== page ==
Why does time feel so weird right now?

When our scenery and company doesn't change, our lived experiences become a blur – and when routines disappear, our sense of time is thrown out of whack


Since lockdown began, you’ve probably struggled to recall what day it is or been shocked to learn how time has flown by.

And yet at other times, time seems to drag on endlessly. Many of us aren’t exactly having fun during the pandemic.

You’re not alone. We know that crises in whatever form can have major mental health impacts, and the coronavirus pandemic alone has raised Canadians’ anxiety and depression. So it makes sense that our perception of time would also shift.

After all, weekends are no longer really weekends now that we no longer have dinners or movies to look forward to, plus many of us are working from home during the week.

Many others aren’t working at all. In fact, according to the Labour Force Survey, over one million Ontarians have lost their jobs in the last three months. 

When our scenery and company doesn’t change, our lived experiences become a blur. And when routines – which predicate structure – disappear, so does the standard sense of time we’ve adapted to since birth.

Even our internal clocks are malfunctioning many are experiencing chaotic sleeping patterns, and either sleep too late, not at all or restlessly, their nights consumed with stress dreams. 

Our nights can predict how our days will go – and why they might often feel longer than ever. If there’s no way to turn off our stress and endless anxieties, which are at an all-time high, our brains are placed on a kind of alert system.

Consider, for example, a series of experiments conducted by psychologist Robert Ornstein in the 1960s. He played tapes containing various, everyday sounds to a group of volunteers. At the end, he asked them to estimate how long they had listened to each tape.

Ornstein found that those who listened to tapes with more “sound information” on them felt they ran longer. In another version of the experiment, he found that when volunteers were asked to examine different drawings, those who were exposed to more complicated imagery felt the time in which the experiment ran was longer.

A pandemic is a far more complicated experience than everyday sounds or intricate paintings, so it makes sense that as we absorb the news about the health crisis itself – and, now, the Black Lives Matter movement – and mentally navigate that news, that time might feel as if it has slowed down.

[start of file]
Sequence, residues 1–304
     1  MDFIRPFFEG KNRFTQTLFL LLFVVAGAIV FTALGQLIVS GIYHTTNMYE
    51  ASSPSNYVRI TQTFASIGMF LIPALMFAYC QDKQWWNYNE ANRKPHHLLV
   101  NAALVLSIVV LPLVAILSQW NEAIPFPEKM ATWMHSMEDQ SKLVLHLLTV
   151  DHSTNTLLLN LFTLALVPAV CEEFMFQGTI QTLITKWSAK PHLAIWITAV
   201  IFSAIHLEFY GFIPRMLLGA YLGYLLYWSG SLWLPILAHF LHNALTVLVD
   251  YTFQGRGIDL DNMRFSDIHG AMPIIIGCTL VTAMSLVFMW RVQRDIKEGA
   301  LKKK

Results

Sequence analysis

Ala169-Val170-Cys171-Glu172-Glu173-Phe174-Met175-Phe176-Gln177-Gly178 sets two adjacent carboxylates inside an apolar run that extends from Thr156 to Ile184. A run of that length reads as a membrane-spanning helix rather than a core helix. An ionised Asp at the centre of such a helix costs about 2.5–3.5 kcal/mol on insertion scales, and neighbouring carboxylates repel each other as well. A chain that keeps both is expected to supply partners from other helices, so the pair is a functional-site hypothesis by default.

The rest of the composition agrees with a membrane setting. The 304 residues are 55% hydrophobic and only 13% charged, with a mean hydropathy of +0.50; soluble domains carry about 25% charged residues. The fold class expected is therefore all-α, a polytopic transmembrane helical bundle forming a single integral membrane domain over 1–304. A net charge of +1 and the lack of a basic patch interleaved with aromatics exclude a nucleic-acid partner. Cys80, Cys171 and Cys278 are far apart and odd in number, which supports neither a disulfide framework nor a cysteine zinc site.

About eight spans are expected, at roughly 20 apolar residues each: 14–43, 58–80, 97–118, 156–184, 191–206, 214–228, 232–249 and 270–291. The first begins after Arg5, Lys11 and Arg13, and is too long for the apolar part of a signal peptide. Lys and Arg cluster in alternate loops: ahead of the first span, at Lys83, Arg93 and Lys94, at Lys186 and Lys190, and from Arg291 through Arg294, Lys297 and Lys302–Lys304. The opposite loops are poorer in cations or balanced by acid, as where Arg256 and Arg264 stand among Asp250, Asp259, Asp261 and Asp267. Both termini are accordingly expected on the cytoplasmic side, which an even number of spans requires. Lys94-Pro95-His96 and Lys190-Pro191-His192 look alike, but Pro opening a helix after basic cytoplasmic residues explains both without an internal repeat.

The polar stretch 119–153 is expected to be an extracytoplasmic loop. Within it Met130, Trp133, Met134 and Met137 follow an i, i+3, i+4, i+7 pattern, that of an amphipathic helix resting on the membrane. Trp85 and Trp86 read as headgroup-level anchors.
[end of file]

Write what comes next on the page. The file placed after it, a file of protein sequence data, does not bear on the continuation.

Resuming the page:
Not only that, but those who experience depression, boredom or negativity often feel as if time has slowed down. 

A 2015 paper published in the Journal of Affective Disorders assessed 16 studies examining 433 non-depressed people and 485 depressed people who were tested on their sense of time through such tasks as guessing the length of a short film after viewing it. The assessment found no real difference between the two groups and how they estimated the passage of time.

However, many of the studies tested perception of time as well, and found that while depressed people could objectively and accurately estimate the passage of time on par with non-depressed people, they were more likely to feel as if more time had passed. Meaning, they could tell the short film ran for only 10 minutes, but they also felt as if those 10 minutes went on endlessly.

While all of this might explain why it feels as if months have passed, or days often drag on, what about the days or weeks that feel as if they’ve raced by?

Time blindness may be the case. Most often used to describe the way those who live with attention deficit hyperactivity disorder (ADHD), time blindness is what happens when an individual has little awareness of the passage of time and an inability to mentally track it. While some of us have an innate alert system that tells us the pie has been in the oven too long or that we’re late for work, others can lose sense of these entirely. Those with ADHD often exhibit this, and it can have serious impacts on one’s social life. 

And it may be what some are experiencing now, having lost all sense of structure it’s as if our perception of time is out of practice, essentially.

With so many new tasks to worry about, including where to find face masks and how to wear them, how to keep kids busy while home-schooling them, or remembering to wipe down every new thing that enters our home, we also have a lot to keep track of. While they aren’t distractions from what’s happening necessarily, they do keep us busy in a new way and therefore can make our days feel surreal, and make time feel as if it’s moving faster.

Our perception of time, then, is determined not only by what we do, but how we feel, and right now we’re feeling anxious, depressed, lonely and uncertain about the future.

That’s more than enough to throw our internal clocks off. We can no longer keep track of the week by remembering we have therapy on Tuesdays or book club on Thursdays or soccer games on Fridays. 

That means finding new routines or projects, yes, but also that, when all of this is over and another layer of the physical and mental clutter clears, we may have a better sense of the time we have and what we want to do with it. 

@_sadafahsan

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